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Mentally ill sufferers cannot find a “cure” in Buddhism

My wife reading in bed. And it wasn't because ...
My wife reading in bed. And it wasn’t because she was trying to get to sleep. (Photo credit: Wikipedia)
Buddhism
Buddhism (Photo credit: shapour bahrami)
English: Image for mental health stubs, uses t...
English: Image for mental health stubs, uses two psych images – psychiatry (medicine) and psychology (Photo credit: Wikipedia)
Trazodone
Trazodone (Photo credit: Divine Harvester)
Rethink Mental Illness
Rethink Mental Illness (Photo credit: Wikipedia)

Mind training is certainly beneficial but if the person cannot make their own effort outside the temple or retreat place it cannot be beneficial. Too many times in the USA people turn to Buddhist centers or temples for “cures” for their very serious mental health problems and go away devastated when they cannot benefit outside after the retreat or service. 

The truth is that the mental illness must be addressed first, for many that means medicine. The psychiatric world in the United States has in the past met the needs of the mentally ill with therapy and behavioral therapy. But alas, the person’s insurances will only pay for 10 sessions a year or for the lifetime. That along with medicines has proven stability. Because of the insurance company policies it forced a change so that now, psychiatrists only rely on medicine not therapy. 

The second problem is the choice entirely of the mentally unwell. They often stop therapy first not because of insurance but because they want to slip “out of it”. They are addicted to the state of being unwell. They stop progressing deliberately. And because in most cases by our rights for health choices are protected by law parents, spouses, and friends cannot force them to continue the beneficial treatment. This happens in every case I have seen personally. The person makes a deliberate choice to return to the unwell state and refuses to go to therapy or in many cases take medicines. So they slide down into chaos and they love it. It’s true and seems unbelievable. 

I am a twin of a sister who has history of depression (she hid it until we were forced to deal with her breaks from reality in psychotic episodes requiring hospitalizations for month at least 3 to 6 times a year) and repeated suicides (3 big life threatening attempts a year), now she is in a nursing home – she attempted suicide and had a stroke that left her paralyzed on the left side of her body due to overdose of Trazodone.   http://www.livestrong.com/article/83762-side-effects-trazodone-overdose/  My twin sister is the one on your left in the coat and white sneakers sshe had been through 3 years of psychotic breaks and repeated hospitalizations at that point the stroke happens later in 2007.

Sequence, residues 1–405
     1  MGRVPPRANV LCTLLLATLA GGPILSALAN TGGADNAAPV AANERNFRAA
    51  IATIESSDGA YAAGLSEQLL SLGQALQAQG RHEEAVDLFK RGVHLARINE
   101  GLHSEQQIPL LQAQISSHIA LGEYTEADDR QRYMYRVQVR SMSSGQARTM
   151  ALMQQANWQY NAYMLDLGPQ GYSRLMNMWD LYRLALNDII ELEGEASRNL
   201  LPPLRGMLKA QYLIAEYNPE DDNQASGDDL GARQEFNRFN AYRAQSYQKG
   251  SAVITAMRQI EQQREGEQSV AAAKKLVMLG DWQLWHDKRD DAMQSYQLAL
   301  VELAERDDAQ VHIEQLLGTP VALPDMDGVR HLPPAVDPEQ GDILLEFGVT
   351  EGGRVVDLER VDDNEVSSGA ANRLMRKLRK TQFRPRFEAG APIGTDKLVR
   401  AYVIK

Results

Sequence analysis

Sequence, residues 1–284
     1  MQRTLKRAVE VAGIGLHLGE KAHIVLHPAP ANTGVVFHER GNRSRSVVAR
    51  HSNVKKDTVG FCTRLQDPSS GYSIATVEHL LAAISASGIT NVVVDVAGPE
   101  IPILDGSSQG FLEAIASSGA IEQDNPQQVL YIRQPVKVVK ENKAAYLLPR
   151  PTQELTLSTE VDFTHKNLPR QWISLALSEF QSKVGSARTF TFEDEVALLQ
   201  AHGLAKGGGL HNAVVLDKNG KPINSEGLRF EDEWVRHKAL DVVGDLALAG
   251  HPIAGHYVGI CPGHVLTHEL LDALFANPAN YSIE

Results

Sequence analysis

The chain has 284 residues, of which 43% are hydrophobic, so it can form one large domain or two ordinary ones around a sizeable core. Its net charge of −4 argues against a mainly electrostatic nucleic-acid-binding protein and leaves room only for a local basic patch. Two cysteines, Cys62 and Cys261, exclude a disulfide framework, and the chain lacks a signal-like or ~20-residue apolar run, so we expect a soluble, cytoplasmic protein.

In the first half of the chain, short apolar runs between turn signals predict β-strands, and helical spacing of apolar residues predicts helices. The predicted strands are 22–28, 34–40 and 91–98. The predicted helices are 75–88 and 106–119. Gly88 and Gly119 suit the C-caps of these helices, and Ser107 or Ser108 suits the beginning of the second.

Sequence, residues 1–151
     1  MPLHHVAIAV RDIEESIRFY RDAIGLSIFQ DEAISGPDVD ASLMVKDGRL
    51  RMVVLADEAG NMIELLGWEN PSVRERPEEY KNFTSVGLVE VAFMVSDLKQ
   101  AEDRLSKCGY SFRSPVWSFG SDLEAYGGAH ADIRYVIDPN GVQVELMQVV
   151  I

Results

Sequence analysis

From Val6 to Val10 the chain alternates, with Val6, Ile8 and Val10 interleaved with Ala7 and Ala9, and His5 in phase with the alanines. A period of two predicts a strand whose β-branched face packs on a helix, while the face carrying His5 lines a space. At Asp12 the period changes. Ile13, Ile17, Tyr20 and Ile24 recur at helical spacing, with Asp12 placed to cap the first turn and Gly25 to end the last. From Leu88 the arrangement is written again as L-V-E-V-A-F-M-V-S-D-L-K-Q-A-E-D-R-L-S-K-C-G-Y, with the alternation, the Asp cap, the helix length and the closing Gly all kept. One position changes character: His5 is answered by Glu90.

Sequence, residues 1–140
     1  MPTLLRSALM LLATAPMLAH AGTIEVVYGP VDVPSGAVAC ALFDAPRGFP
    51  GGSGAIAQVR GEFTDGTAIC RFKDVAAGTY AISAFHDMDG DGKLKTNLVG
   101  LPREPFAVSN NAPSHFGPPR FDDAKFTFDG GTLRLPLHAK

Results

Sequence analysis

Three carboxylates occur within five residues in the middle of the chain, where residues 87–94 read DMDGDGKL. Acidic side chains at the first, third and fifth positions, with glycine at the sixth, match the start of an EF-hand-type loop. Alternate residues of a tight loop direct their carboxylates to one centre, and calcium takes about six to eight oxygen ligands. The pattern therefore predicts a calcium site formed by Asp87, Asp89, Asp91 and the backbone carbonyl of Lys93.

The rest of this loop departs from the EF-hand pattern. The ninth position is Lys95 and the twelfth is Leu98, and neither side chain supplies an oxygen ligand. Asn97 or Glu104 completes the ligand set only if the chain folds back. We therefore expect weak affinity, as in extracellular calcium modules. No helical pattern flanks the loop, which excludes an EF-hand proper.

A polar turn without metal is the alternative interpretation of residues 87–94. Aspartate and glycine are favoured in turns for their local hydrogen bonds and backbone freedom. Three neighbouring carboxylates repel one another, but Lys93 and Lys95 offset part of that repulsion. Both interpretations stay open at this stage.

She was a prescription abuser a former nurse who knew exactly how to work the system to her benefit. She would be hospitalized doing really great, then get released and continue therapy for 1 week or 2 weeks and stop and slide downward so fast it was scary. No reasoning, no pleading, no rescuing, no logic to it, just her choice to slide down.

I am a bhikshuni, it took me years to get what was going on with her, because I was her twin and I was easy to fool because I was used to her behavior. I was always copying her in world outlook and caused myself unnecessary grief when I reasoned the same way due to the fact I didn’t know her history. I tell you, something you must not apply as cure like our Buddhist training. It’s for our each and every one of us to use to relieve our suffering and correct our own thinking is gradual process, not a therapy. I had to figure my sister out myself… parents hid her problems from me. I had to unlearn unheathly thinking. It took me quite awhile and now I am very happy to be me without all that learned unhealthy thinking. Because I had my truths: I am happy always, I see the world as positive place, I see others as my support, I see me as worthy, I see my faults and know I can correct them, my goals are changing and support my life satisfaction

I do not suffer from depression or mental illness when my sister started having breaks with reality, I ran to the doctor for evaluation and worry about myself becoming unwell and raising my daughter. I was reassured by the doctor and received counseling to get over my stress, because I had to rescue her many times and was a single mom with a 4 year old newly separated from my husband and hurting from that myself. They said I was handling myself beautifully. I would wait until the house was quiet and cry from the stress (they said I needed that and not to repress it). Almost every night. Until time took care of me. I got over it because I had moved on.

 

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Author:

I am a Bhikshuni ordained in Mahayana Chinese Buddhist tradition. I'm currently translating Vinaya sutras from the Chinese Mahayana Tripitaka.

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